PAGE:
It was a beautiful spring day and I was on call

By Arne Vainio, M.D.
News From Indian Country
 
It was a beautiful spring day and I was on call. I was able to spend some time on this Saturday morning with Ivy and Jacob and we walked along the sidewalks as the melting snow ran in rivers down the streets. The sun was bright and the sky was a blue that promised nothing but warm days to come.
There was nothing pressing and I was planning on rounding later and spending this time with Ivy and Jacob. We were laughing constantly at each other’s jokes as we walked.

My pager went off and it was one of the hospitals. I called the nurse and she told me “Darlene is hoping she can go home.” I wasn’t expecting that. I didn’t know Darlene, but one of my partners had signed her out to me to see over the weekend.

I’d been told Darlene was 68 and had not been feeling well for a few weeks. Her stomach hurt after she ate and eventually the only thing she could eat was peaches. On exam her skin was yellow and there was a hard lump in the area of her stomach. Her doctor put her in the hospital to get a diagnosis.

A CT scan showed a mass in her right lung. Her liver was enlarged and was full of nodules. She had been smoking since she was a teenager and this was presumed to be lung cancer which spread to her liver, but treating it required a definitive diagnosis. Her liver tests were markedly elevated and these confirmed she was in liver failure.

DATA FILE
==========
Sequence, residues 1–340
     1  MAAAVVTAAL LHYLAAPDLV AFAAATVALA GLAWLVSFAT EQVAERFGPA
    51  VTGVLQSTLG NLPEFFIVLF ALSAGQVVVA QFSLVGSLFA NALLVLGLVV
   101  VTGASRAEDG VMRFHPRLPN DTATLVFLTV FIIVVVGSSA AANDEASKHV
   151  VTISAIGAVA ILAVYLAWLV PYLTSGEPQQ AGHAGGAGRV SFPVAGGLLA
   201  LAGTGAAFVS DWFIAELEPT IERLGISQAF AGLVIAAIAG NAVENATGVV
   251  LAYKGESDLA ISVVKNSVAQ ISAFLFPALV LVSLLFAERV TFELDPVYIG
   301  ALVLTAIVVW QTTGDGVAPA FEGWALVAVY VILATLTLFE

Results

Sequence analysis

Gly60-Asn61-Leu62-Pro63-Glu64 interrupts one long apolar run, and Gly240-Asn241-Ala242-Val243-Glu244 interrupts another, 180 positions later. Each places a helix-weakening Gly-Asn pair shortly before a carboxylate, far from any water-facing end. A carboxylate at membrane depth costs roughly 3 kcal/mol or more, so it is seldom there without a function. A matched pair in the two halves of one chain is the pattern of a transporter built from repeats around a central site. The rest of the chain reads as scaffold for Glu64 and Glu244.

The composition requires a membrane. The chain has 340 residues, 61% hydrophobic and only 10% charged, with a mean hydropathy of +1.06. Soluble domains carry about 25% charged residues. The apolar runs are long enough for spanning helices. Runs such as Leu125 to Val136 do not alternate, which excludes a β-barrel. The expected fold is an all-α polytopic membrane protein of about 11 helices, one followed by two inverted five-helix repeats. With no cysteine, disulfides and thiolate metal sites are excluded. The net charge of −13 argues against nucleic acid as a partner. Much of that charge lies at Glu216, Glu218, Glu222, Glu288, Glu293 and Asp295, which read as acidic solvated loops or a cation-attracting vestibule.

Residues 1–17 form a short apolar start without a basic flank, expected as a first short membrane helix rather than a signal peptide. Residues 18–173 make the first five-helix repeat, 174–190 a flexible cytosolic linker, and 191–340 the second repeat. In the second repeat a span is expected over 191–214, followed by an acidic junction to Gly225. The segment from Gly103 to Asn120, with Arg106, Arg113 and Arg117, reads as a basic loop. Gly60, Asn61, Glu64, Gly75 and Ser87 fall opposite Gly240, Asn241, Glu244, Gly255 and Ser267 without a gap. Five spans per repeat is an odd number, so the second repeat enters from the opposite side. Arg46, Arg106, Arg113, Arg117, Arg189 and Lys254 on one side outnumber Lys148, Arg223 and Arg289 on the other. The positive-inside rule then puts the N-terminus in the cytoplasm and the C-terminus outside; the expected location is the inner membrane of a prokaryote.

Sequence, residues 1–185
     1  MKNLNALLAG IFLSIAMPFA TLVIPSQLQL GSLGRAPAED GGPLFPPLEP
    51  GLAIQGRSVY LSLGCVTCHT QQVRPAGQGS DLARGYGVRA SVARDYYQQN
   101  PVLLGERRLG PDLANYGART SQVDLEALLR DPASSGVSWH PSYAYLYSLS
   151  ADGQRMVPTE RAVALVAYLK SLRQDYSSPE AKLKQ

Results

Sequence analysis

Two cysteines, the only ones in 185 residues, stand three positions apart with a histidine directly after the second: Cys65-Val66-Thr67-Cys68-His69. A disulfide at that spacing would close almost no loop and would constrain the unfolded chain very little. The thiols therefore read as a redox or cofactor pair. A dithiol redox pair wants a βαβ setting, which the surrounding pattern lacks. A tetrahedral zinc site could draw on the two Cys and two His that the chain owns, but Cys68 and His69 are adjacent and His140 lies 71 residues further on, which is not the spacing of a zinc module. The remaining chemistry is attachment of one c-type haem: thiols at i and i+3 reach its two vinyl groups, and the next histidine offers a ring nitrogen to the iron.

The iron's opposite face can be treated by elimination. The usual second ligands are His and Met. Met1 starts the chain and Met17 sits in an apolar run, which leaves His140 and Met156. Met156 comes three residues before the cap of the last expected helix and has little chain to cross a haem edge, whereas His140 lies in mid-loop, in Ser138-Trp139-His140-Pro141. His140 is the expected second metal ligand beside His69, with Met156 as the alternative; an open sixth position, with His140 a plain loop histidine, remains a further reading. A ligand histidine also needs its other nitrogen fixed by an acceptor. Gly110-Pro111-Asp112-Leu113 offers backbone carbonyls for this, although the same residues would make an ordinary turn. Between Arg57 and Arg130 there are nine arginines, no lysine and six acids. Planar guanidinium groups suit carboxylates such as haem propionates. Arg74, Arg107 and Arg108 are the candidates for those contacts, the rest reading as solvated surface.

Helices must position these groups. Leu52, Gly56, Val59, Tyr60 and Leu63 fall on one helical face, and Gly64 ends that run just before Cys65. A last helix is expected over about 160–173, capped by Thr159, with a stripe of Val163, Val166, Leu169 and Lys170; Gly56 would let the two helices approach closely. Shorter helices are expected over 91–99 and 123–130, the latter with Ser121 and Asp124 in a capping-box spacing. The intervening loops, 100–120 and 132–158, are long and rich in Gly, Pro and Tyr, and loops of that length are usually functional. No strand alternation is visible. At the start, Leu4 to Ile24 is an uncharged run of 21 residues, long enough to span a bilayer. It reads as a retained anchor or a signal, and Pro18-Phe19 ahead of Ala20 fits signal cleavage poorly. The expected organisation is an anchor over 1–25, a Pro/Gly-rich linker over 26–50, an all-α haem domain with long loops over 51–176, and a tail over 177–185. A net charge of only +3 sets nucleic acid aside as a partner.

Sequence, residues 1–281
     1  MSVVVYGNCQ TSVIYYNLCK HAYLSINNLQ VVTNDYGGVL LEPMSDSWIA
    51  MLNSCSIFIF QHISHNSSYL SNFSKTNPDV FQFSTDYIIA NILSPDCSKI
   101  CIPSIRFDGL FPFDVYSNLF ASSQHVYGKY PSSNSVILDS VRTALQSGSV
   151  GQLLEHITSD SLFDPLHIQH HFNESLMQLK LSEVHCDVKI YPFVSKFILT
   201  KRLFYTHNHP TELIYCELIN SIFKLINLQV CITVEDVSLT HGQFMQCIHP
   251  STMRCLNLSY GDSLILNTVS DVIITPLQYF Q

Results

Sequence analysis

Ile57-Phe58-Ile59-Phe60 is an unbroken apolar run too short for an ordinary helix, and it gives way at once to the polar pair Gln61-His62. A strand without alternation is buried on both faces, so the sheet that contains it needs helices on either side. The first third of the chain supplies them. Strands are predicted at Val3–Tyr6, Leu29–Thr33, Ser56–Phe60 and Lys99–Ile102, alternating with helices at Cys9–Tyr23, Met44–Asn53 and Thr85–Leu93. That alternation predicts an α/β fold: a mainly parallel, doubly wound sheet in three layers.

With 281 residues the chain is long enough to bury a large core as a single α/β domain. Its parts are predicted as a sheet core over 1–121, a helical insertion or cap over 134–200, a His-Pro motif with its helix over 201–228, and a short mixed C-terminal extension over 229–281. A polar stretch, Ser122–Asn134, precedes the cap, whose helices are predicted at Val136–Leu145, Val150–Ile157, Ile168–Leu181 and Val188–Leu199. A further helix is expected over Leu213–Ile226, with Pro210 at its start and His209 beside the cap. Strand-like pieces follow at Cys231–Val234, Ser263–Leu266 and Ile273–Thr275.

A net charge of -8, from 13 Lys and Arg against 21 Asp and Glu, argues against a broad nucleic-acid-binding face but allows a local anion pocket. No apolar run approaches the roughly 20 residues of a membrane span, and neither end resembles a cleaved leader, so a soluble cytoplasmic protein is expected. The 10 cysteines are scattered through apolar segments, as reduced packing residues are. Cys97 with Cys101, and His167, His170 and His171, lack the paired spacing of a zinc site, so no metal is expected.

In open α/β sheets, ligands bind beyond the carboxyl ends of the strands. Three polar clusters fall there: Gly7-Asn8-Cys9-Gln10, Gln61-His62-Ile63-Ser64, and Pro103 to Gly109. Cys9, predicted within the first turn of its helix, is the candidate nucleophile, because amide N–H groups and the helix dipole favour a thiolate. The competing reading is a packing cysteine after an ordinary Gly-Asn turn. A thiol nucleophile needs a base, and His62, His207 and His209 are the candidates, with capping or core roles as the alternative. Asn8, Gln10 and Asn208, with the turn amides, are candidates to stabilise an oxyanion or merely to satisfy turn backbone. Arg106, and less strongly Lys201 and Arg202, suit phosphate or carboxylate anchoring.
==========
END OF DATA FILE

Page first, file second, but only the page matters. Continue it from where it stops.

The Gastroenterologist did a scope of her esophagus and stomach and was able to do biopsies of her liver during that procedure. The Oncologist (cancer specialist) was supposed to see her once the Pathologist looked at the biopsies and determined what kind of cancer this was.

I knew the biopsy reports were supposed to be ready sometime today and that the Oncologist was going to see her after reviewing them to talk with her and her family about treatment options.

That’s the information I had and I wasn’t expecting her to go home.

When I got to the hospital, the note from the Oncologist was dictated, but not transcribed yet so I didn’t have any real information about the biopsies. I had the Oncologist paged and he told me the Pathologist was 90% sure this was a small cell lung cancer, but needed another day or so to finish some confirmatory tests. “I can’t treat her on a 90% certainty, the treatments are too different.” With her liver failure, he wasn’t comfortable sending her home and thought having her in the hospital for a couple more days while the biopsies came in seemed reasonable.

 
Armed with this information, I went in to talk to her. The lights were off and she was alone and lying on her side in the hospital bed. She was awake and sat up when I turned the lights on. She looked fatigued and her skin was bright yellow, but she had a quick smile that only a grandmother can have. I could see laughter and love in every one of her wrinkles. I introduced myself and asked her to tell me what the Oncologist had told her. “He said I have a tumor in my lung and it spread to my liver and they won’t know for sure if they can treat it until the biopsies are finished. I really don’t want to wait here for the next two days while that happens. Can I go home?”